It is true that in the Boko Haram insurgency, the enemy is elusive and can easily blend in with the rest of the population. But there are steps that can be taken to ensure that adequate records are being kept on the individuals in the area, thereby enhancing identification of innocent civilians.
For instance, former detainees, captured Boko Haram members and even individuals in the IDP camp will need to undergo thorough questioning and subsequent biometrics data capture. An individual’s file will include the person’s identity, photograph and reason from being on the list and how security personnel checking the list should handle the identified individual. Carrying out this identification exercise will lead to the accumulation of a watch list which authorities can then use for the purpose of identity check at border crossings and even at camp entrances.
DSS and Human Rights
The military has already begun a major precedence in fixing their human rights track record. The new leadership has declared zero tolerance for human rights abuses. This is a stark contrast to the previous era where accusations of human rights abuses were responded to with “baseless” and nothing else. But just as the military is taking a no tolerance stance on human rights violations, the DSS needs to follow suit.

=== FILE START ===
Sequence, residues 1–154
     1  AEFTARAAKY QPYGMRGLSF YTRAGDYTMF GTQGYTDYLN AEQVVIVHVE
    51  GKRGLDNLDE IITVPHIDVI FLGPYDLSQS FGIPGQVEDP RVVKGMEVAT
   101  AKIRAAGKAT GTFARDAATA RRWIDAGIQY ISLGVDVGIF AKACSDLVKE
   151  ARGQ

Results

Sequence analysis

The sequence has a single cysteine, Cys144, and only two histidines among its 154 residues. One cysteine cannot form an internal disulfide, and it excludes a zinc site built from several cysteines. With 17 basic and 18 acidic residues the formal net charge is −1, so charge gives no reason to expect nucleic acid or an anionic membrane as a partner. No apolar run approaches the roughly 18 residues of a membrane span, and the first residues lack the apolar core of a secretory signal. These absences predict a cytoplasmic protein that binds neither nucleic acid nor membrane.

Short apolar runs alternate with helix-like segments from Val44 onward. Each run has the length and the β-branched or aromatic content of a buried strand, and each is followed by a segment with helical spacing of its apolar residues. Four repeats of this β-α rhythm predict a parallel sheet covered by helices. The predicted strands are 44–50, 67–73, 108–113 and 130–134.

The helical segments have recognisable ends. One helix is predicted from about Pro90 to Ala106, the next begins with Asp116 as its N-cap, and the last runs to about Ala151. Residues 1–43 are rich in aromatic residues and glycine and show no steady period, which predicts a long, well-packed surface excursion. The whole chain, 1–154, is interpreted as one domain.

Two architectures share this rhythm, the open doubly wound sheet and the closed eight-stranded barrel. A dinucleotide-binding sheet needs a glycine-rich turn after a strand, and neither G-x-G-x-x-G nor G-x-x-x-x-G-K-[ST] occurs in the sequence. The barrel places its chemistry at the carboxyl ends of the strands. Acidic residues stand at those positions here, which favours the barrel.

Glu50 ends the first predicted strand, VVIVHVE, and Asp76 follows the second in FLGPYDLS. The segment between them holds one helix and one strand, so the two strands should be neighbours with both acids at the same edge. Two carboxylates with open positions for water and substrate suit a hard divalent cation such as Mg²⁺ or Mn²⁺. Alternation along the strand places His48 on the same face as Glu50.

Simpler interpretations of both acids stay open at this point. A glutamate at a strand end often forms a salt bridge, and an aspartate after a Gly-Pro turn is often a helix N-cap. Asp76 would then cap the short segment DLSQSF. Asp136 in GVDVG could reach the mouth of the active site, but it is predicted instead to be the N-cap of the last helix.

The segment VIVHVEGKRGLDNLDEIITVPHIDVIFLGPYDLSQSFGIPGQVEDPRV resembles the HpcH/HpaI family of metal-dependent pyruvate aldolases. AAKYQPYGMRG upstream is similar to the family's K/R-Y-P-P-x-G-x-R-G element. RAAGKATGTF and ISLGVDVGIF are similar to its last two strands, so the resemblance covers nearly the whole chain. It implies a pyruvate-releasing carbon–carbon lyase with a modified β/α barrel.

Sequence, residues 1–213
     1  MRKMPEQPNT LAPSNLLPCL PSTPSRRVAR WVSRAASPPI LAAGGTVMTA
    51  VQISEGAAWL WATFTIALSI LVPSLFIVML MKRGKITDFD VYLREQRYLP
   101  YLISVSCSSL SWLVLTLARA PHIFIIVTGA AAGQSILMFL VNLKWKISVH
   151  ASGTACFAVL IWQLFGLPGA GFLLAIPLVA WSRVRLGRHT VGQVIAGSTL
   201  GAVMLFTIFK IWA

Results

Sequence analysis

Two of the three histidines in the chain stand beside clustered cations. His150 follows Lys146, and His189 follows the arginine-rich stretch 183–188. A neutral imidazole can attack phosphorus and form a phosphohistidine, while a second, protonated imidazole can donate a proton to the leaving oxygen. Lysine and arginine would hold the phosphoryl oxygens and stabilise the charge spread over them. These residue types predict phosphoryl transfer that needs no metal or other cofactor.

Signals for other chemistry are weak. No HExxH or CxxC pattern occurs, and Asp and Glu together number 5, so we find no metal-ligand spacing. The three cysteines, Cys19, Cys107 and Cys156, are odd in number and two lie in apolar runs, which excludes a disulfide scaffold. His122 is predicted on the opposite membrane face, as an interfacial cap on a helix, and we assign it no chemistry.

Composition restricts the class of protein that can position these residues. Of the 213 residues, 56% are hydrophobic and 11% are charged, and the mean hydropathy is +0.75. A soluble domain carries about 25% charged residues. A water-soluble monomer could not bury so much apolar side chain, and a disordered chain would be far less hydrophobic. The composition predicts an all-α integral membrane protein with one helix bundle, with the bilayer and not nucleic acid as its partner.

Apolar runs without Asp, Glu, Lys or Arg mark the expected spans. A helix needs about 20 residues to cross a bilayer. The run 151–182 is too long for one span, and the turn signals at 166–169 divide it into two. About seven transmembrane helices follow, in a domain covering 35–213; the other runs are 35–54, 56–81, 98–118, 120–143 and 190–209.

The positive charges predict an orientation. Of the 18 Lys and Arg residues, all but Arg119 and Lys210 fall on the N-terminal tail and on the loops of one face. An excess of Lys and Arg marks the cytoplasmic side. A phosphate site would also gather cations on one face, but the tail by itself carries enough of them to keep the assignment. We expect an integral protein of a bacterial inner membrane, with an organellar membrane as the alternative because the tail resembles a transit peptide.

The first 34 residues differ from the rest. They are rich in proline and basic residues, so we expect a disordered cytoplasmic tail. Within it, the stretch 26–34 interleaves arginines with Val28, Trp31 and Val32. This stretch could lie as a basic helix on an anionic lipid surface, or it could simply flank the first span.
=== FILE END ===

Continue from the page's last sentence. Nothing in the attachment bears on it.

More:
There were reports that the intelligence outfit finally released an Ogun State cleric who was in detention for 429 days on suspicion of being involved in terror activities. He was whisked away abruptly with his family unaware of his location or status for about 4 months. In the same token, there has been public outcry about the DSS’ recent raids of the government house in Akwa Ibom state.
We recognize that the DSS needs to carry out its duty of apprehending individuals of interest, or raiding locations as a matter of national security. However, once the raids or apprehension has occurred, some form of explanation needs to be given to the family members or members of the public involved. The DSS just like the military should establish a zero tolerance for human right abuses.